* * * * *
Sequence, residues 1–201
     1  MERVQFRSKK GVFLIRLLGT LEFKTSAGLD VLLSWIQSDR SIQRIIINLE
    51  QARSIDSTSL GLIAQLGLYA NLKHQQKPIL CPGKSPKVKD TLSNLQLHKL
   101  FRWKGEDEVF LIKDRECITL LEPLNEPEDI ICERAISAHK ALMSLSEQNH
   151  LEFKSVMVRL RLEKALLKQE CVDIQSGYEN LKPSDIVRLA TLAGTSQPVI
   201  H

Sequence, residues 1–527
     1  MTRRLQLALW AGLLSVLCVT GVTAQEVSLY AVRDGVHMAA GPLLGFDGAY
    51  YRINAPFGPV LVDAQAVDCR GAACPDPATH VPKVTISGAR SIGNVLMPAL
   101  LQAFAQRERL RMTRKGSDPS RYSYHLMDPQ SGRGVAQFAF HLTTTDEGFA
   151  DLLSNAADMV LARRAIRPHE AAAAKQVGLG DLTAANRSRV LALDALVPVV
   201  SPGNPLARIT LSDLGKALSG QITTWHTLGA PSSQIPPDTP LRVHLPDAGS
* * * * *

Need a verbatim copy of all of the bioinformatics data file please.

Sequence, residues 1–201
     1  MERVQFRSKK GVFLIRLLGT LEFKTSAGLD VLLSWIQSDR SIQRIIINLE
    51  QARSIDSTSL GLIAQLGLYA NLKHQQKPIL CPGKSPKVKD TLSNLQLHKL
   101  FRWKGEDEVF LIKDRECITL LEPLNEPEDI ICERAISAHK ALMSLSEQNH
   151  LEFKSVMVRL RLEKALLKQE CVDIQSGYEN LKPSDIVRLA TLAGTSQPVI
   201  H

Sequence, residues 1–527
     1  MTRRLQLALW AGLLSVLCVT GVTAQEVSLY AVRDGVHMAA GPLLGFDGAY
    51  YRINAPFGPV LVDAQAVDCR GAACPDPATH VPKVTISGAR SIGNVLMPAL
   101  LQAFAQRERL RMTRKGSDPS RYSYHLMDPQ SGRGVAQFAF HLTTTDEGFA
   151  DLLSNAADMV LARRAIRPHE AAAAKQVGLG DLTAANRSRV LALDALVPVV
   201  SPGNPLARIT LSDLGKALSG QITTWHTLGA PSSQIPPDTP LRVHLPDAGS